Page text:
May the Lord bless you and keep you.
May the Lord make his face to shine upon you.
May God give you grace not to sell yourselves short. Grace to risk something big for something good.
Grace to remember that the world is too dangerous a place
for anything but truth,
And too small for anything but love.
May God take your minds and think through them.
May God take your hands and work through them.
May God take your lips and speak through them.
May God take your hearts and set them on fire.*

Declaration of Marriage
Ryan and Kathryn, with the blessing and support of your families and friends, by the vows you have made to one another, by the strength of your covenant, and in the presence of God, it is my pleasure to pronounce you Husband and Wife. You may kiss your bride.

“The Holly and the Ivy,” Cecil Sharp


*Thank you to Joanna Goddard for inspiring this presentation of the bride, and to Reverend Liz Jones for this blessing.

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Hi friends! Trying to write a post about our has ceremony turned out to be much harder than writing the other posts, probably because it’s talking about the most important part of the day. I find myself with an unfinished post and a date to keep with my three adorable nephews and their mom and grandpa, so I won’t have a chance to share my ceremony post until later today. I’m sure you won’t mind getting a bit of a breather from non-stop “Our Wedding” posts anyway – who knew I had so much to say about our wedding!

Photo by Elizabeth Messina.

Kiss the Groom (Elizabeth Messina) is a sponsor of Snippet & Ink.

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There were a few reasons that Ryan and I decided to see each other before the ceremony: not only did we want to spend more time with our guests at the reception, we also wanted to take portrait photos before it got dark (and since we were getting married at 5:00 in December, it would certainly be dark by the time the ceremony ended). So after getting ready, Ryan and the rest of the guys met up with the ladies at Cavallo Point. It made for such a stunning backdrop, and the cloudy sky created soft lighting even in the middle of the day. (We were lucky that the rain held off until the next day, when it poured buckets!)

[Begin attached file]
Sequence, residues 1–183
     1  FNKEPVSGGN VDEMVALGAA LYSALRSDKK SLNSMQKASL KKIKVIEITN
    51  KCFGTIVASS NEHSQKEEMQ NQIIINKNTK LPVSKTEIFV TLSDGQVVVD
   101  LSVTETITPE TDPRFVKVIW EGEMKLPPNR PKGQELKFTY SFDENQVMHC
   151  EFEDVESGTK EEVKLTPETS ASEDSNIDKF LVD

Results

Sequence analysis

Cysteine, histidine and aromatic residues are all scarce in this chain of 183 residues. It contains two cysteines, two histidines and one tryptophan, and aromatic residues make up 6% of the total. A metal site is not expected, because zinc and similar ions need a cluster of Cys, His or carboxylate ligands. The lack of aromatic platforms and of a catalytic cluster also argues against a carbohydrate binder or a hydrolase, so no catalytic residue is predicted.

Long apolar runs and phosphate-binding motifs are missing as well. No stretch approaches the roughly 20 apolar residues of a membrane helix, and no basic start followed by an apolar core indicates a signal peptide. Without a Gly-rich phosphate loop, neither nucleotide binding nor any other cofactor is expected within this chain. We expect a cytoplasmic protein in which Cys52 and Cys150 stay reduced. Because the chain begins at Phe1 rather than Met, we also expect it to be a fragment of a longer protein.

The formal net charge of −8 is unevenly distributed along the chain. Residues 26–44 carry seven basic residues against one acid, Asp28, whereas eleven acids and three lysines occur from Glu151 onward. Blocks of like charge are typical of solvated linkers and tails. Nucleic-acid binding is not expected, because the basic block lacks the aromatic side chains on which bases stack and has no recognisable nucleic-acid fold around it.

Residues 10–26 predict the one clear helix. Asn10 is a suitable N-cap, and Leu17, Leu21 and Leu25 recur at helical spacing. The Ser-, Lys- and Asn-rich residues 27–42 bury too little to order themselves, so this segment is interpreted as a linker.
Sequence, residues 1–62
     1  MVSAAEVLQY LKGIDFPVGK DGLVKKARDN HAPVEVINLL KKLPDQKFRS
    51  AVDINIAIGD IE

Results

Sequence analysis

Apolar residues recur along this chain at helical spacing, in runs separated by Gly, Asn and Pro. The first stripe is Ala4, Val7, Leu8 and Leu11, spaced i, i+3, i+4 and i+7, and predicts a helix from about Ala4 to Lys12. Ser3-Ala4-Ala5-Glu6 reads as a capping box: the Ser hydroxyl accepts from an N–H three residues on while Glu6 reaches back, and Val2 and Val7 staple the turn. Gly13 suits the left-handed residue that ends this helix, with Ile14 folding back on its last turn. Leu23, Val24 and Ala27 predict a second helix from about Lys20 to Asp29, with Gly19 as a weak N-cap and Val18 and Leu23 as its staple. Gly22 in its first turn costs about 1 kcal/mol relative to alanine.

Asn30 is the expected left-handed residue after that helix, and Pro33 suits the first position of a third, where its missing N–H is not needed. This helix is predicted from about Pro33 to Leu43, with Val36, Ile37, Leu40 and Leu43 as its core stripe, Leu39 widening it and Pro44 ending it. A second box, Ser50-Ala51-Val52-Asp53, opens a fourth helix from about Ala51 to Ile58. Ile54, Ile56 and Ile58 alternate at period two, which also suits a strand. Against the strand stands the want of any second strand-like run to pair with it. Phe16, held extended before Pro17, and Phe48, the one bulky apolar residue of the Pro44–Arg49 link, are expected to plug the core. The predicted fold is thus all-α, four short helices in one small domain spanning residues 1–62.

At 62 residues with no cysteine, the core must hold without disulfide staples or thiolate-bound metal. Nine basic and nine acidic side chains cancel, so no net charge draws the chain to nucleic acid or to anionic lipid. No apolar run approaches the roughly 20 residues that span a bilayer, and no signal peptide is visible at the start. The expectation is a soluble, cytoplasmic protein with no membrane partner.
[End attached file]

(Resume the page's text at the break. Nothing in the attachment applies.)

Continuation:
My flats came in handy when we took a few photos off the beaten path! Ryan and I agreed ahead of time that we would check in with each other throughout the day to make sure we both stayed present, so when I started to stress out about getting the bottom of my dress dirty before the ceremony, my sweet groom made sure to bring me back to earth.

I have only one regret from our wedding day, and it’s that Ryan and I didn’t make a shot list for group photos. Even though it was on the to do list that Laurie and Jenna gave to us, and even though Elizabeth asked us to put one together, we just never sat down to do it. With Ryan and me trying to remember what photos we wanted on the spot, the whole thing felt more stressful than it needed to be, and unfortunately it meant that we missed some photos that we would like to have had (one of Ryan and his siblings, one of just the girls and just the guys, one of the entire group together). It’s not the end of the world, and we have countless wonderful photos, but it was a simple thing that would have taken us fifteen minutes if we had done it the week before the wedding (or some time in those 18 months we were engaged). Don’t be like us! Make a shot list ahead of time!

Photos by the always talented Elizabeth Messina.

Kiss the Groom (Elizabeth Messina) and Laurie Arons Special Events are sponsors of Snippet & Ink. Thank you to Cavallo Point for extending the media room rate for our stay.